Customize an Answer Sheet Outside of the Answer Box
If you have the time and the creative inclination, you can alter the appearance of your answer sheets as long as you do not alter the black-outlined answer box (for example, you cannot move or change the bubbles inside the box). This means you can include supportive text (instructions, motivational quotes, equations, space for a parent signature, etc.) or images on the front of answer sheet, and/or you can move the location of the box (see the "Print Multiple Answer Sheets per Page" lesson if you want to add multiple answer documents to a single page).
You can do this for pre-slugged answer sheets (meaning that they already feature each student's GradeCam ID number and name) or blank answer sheets (so that any student may use them). Keep in mind that you can use an answer sheet with extra spaces for a shorter test (for example, you could print answer sheets for 30 question tests and use them for tests with only 28 questions - Illuminate will simply ignore any extra question numbers when you scan, based on the number of questions on your answer key). Because the steps you are doing now can take approximately 10-15 minutes per page, you might want to create documents that you can use for many tests to save you time in the future.
As long as you don't create shapes that compete with the look of the answer box and risk confusing your GradeCam camera, your sheets should still scan. Test one to be sure the sheet you design stays within these parameters. You can create your sheet via traditional (hard copy) cut and paste or do it on your computer. This lesson will cover both approaches.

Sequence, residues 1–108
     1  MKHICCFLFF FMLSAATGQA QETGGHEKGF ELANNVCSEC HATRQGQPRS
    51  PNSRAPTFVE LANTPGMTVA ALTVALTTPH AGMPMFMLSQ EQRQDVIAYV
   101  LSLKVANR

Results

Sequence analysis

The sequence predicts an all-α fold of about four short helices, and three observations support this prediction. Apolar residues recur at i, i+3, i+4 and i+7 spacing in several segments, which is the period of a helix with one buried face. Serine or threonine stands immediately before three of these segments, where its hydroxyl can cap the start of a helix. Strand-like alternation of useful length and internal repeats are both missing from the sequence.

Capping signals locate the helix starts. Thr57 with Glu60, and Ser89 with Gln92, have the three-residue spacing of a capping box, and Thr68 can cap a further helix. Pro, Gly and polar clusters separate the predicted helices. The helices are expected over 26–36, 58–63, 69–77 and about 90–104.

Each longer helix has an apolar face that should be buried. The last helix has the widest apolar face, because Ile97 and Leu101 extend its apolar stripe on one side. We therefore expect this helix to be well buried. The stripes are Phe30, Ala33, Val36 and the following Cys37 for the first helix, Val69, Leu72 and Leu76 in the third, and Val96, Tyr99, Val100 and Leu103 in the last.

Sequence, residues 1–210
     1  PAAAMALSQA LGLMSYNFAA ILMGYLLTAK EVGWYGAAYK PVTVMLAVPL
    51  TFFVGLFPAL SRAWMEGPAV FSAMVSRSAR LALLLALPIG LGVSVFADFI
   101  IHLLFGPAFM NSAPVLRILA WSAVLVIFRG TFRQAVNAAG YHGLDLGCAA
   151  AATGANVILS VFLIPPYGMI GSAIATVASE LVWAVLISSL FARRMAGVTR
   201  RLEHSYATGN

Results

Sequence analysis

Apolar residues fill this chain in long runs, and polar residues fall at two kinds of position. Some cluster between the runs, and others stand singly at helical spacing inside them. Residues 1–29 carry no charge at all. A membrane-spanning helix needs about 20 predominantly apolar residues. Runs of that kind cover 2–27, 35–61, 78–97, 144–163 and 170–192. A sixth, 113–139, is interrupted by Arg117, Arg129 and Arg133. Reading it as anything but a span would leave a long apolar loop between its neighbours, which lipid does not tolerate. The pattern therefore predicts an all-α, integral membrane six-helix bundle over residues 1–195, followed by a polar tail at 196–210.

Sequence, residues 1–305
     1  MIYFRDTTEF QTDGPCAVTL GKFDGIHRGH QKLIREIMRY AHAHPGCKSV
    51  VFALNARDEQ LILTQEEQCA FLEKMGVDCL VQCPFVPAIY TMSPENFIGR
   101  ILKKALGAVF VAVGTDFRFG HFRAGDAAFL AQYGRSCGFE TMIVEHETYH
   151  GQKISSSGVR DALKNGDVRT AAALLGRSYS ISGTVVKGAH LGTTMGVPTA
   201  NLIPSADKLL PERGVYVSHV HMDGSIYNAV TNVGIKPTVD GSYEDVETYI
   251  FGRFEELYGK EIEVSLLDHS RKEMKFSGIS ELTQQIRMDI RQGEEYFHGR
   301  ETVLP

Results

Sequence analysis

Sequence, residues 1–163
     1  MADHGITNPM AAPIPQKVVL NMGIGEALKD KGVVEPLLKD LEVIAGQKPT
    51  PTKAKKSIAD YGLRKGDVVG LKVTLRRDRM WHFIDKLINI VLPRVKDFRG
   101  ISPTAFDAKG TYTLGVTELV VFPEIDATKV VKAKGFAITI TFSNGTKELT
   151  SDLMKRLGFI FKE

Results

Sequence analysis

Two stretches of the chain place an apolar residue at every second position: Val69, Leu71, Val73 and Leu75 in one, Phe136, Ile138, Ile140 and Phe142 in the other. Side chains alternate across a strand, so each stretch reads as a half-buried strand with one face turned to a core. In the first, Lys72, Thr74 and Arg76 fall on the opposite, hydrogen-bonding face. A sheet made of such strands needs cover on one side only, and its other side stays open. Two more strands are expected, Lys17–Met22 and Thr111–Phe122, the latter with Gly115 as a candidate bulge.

Where to Start
Indicate Number of Questions
1. Enter the Number of Questions you would like to appear on each student's answer sheet. Keep in mind that you can use an answer sheet with extra spaces for a shorter test (for example, you could print answer sheets for 30 question tests and use them for tests with only 28 questions).
2. Click Generate to generate an answer sheet image.
Option 1: Traditional Cut and Paste
You now have two options: traditional (hard copy) cut and paste, or making the sheets on your computer.
If you plan to use scissors and tape or glue to create your sheets (that can then be photocopied to use again and again), simply:
1. Click Print and print one copy (or one set, if you are printing pre-slugged answer documents and thus plan to customize each student's answer sheet separately).
2. Cut out the box (making sure that you do not cut into the box's black outlines).
3. Arrange the box on another sheet of paper. Add other images and/or words to the sheets, as long as you do not get these inside the scanning box. See the "Cool Things to Do with Answer Sheets" lesson for numerous ideas.
4. Affix all items to the sheet, making sure that the scanning box is affixed on top (meaning none of the other text or images overlap on top of it).
If you plan to keep using your computer to create your sheets (that can then be saved and printed to use again and again), keep reading.
Option 2: Computer Cut and Paste
If you plan to keep using your computer to create your sheets (that can then be printed to use again and again), simply follow the remaining steps:
1. Now that you see one answer sheet on your screen, be sure that the image is clear (like the above image). If it is not, try increasing the size of your screen. For example, on a PC you can press the "Ctrl" button and the "+" (plus) button simultaneously on your keyboard to increase the screen size (just hit Ctrl and "-" when you want to shrink it again). On a Mac you can do the same thing, only use the Command key rather than a Ctrl key.
2. Be sure the box's entire black outline is visible on your screen. Scroll up and down (or resize your screen) if necessary so that it fits.